Don’t Judge a Book…

We’ve all heard it. Don’t judge a book by its cover. And yet we all do it anyway. We DO judge books by their covers! Whether we think we do or not.

Whenever I hear this phrase, my mind immediately goes to a particular book. Which book?

The Blue Castle by L.M. Montgomery (of Anne of Green Gables fame).

bluecastle.jpgI probably first read it when I was about 11 or 12 years old. This was the copy at our local library… (see image to your right.)

It was really and truly the UGLIEST book cover I had ever seen. It was so ugly, I did NOT want to read this book. So what if was by my favourite author!

Ugh! That cover.

But then, somehow, I did bring the book home.

And I did read it.

And… Well…

I loved it.

And you know what? Years later, my friends and I were discussing this book. (We all love this book!) And we discovered that we ALL had the same experience. (Being from the same small town, we all went to the same library.) We all hated the cover of this book! And we all didn’t want to read the book BECAUSE of the ugly, ugly cover. And finally, we all did read the book, in spite of the cover. And we all fell in love with it.

P.S. Now I look at the book cover and think to myself, it’s not quite as ugly as I remember. In fact, it’s bringing back fond memories. Nostalgic memories. I’m finding I rather like this book cover… now.

Do you consider the book cover above to be ugly? Would you pick it up to read? Let me know in the comments!

How about THESE covers? Which one catches your eye? (I really like the simplicity of the first one!)


BONUS: Have you read The Blue Castle? If so, feel free to gush about it in the comments!

P.S. The photo at the top of this blog post is my first-edition, hard back copy of The Blue Castle. Which I love! It’s falling apart, but that is partly what gives it its charm. (And there’s a bit of a story of how I got it. But perhaps that’s for a future post…)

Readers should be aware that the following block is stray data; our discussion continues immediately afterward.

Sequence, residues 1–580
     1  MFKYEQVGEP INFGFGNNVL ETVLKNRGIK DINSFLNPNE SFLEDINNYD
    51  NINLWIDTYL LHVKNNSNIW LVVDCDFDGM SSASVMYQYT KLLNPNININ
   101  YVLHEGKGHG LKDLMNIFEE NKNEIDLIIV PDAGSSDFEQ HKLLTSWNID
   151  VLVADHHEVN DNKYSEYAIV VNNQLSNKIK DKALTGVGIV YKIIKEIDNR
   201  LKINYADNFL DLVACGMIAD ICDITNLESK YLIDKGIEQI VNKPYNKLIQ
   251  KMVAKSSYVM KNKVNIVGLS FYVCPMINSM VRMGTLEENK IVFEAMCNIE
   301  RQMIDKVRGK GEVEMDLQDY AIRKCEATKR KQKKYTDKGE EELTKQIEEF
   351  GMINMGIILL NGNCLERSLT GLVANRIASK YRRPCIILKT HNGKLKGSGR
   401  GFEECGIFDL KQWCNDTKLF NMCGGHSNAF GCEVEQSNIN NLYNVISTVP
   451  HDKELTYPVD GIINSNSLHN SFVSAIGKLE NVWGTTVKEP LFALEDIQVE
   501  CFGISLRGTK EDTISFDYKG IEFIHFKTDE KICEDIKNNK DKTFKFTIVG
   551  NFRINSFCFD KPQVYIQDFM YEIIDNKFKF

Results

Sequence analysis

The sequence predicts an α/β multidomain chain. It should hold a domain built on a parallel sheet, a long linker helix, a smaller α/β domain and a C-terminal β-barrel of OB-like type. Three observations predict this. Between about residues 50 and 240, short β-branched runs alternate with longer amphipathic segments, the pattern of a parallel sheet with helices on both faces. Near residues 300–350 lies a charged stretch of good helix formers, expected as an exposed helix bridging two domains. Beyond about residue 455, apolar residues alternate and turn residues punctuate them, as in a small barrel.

27 thoughts on “Don’t Judge a Book…

  1. I thought I had read all of L. M. Montgomery’s books, but I had never heard of this one. I will have to get it. Of the covers you’ve shown, I really like the middle of the three on the bottom. But the one you thought was ugly is just plain ugly. I can’t imagine why they ever made that one.

    Liked by 1 person

    • I hope you get a chance to read it. It is one of Montgomery’s novels for “adults”… But it definitely has some fairy tale elements. It also has some classic L.M.M. moments, especially with regards to Valancy’s family. (Also, in some ways it reminds me of Jane Austen’s Persuasion.)

      RE: Ugly cover. I know, right?!

      Yes, the middle one (of the three) is really nice. I wish these covers had existed when I was a kid.


    • Ooh, I envy you the experience of reading this book for the first time! I hope you like it. Anne of Green Gables is one of my favourite books of all time, too!

      Re: The cover on the right is beautiful. I love how the trees surround the Blue Castle.

      Liked by 1 person

  2. I’ve only read Anne of Green Gables. I didn’t know LMM had written other books. A bad assumption on my part, I know. I kind of like the last cover. The ugly cover you pointed out though. Yeah, I would never have picked that book up lol

    Liked by 1 person

    • Oh, she’s written a lot of books! AOGG is my favourite, but I also love her other books. Have you read the entire Anne series? There’s also other series… Emily, the Story Girl, etc. This book is one of her few one-off books. And it’s one of her only two “adult” novels.

      To be honest, if it hadn’t been for the knowledge that The Blue Castle was written by the author of Anne, I would never have picked up this book.

      Liked by 1 person

      • I’ve only read the first 3 in the series lol. I stopped when she and Gilbert got engaged. I was so happy I didn’t want to continue haha. I’ll have to look into more of her books!